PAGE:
Tango Electric Car Demonstrates Design Freedom
A conventional internal combustion engine, ICE car is difficult to design, manufacture and maintain. Opposing pistons are not the most efficient mode of propulsion since with each action comes its opposite. While the gasoline engine has made great strides in a century, it has limits. An electric motor, either inside a wheel or on a differential is still more efficient. The last problem is to solve the price and weight of batteries.
The Real Problem With EVs. If we get down to it, the real problem with electric vehicles, EV is not the range. Most people travel less than almost any range offered by any EVs. Battery weight is not an issue either. A commuter car doesn’t need to have state of the art lithium batteries to drive a few miles. With that in mind, Rick Woodburry proved an EV can be free from the constraints of an ICE design. When he designed his Tango, he designed it with congested city traffic in mind. The Tango is so tiny, you can fit two side by side in one lane. The trick was to put driver and passenger one in front, the other behind, as in motorcycle driving.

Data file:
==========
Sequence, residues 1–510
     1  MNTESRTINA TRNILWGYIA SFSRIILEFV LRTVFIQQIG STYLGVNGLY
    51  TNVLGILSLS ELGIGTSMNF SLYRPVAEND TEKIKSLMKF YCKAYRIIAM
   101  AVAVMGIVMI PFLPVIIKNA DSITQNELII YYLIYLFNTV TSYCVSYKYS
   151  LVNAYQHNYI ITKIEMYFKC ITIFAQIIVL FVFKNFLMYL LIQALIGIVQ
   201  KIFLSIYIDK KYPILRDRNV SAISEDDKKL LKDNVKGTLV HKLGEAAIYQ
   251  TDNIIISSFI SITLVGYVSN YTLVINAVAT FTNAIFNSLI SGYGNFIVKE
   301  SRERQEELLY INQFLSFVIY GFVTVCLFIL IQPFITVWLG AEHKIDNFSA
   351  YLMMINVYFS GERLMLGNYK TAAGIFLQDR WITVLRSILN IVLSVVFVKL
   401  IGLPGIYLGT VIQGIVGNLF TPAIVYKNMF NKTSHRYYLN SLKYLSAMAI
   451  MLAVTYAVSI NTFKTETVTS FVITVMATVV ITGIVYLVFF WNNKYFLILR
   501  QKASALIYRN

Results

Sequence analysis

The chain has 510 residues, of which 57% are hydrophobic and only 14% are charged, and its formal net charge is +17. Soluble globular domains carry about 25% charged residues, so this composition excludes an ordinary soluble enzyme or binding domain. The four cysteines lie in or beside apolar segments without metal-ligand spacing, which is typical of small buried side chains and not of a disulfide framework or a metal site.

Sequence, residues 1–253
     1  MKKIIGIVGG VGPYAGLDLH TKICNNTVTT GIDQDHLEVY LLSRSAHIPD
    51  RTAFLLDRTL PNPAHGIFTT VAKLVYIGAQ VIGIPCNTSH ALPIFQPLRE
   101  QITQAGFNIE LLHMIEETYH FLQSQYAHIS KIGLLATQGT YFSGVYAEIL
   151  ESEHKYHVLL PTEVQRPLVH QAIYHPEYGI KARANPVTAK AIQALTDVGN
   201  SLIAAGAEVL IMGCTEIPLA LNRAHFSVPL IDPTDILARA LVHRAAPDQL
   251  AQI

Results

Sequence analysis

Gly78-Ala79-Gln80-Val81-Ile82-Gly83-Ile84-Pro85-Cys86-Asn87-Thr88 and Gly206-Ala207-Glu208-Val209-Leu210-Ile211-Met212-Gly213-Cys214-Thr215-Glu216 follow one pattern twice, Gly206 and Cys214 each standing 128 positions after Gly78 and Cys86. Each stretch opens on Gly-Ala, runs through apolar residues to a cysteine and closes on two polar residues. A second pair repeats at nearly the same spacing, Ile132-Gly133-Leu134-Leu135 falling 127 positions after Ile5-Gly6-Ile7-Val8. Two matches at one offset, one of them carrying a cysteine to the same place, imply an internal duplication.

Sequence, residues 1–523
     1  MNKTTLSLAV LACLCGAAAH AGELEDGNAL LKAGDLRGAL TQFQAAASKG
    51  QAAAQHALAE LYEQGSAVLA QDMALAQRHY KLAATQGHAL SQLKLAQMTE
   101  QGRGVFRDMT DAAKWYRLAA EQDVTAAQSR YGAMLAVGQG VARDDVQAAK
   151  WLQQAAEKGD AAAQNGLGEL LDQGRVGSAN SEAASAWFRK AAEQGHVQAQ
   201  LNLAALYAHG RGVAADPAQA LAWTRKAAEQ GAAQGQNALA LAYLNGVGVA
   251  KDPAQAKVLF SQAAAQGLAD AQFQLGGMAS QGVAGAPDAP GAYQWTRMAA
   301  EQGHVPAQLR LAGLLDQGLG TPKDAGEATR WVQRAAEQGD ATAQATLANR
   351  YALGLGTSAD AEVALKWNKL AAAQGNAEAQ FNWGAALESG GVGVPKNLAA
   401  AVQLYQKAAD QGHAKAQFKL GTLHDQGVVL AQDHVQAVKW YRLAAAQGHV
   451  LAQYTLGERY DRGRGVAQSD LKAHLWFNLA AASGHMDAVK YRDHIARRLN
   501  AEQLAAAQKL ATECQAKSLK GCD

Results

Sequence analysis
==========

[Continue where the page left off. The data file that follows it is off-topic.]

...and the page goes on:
How Tough & Roll Over? It’s tough. With its NASCAR strength internal roll cage, it can withstand head on collisions better than your SUV. How tough? The roll cage meets or exceeds FIA racecar regulations, which means it is designed to protect the occupants crashing at over 200 mph. What about roll over? If you’ve noticed the design of the EV, your first thought would be that it could tip over. Yes, it’s a tad bottom heavy but in the world of EVs, that is a good thing. The lower the center of gravity, the better than handling. In fact Rick told me back in 2007 a 911 Porsche would tip over before the Tango would. Why is that? Originally Rick felt lead acid batteries offered sufficient performance. The Tango just didn’t need the lighter lithium batteries.
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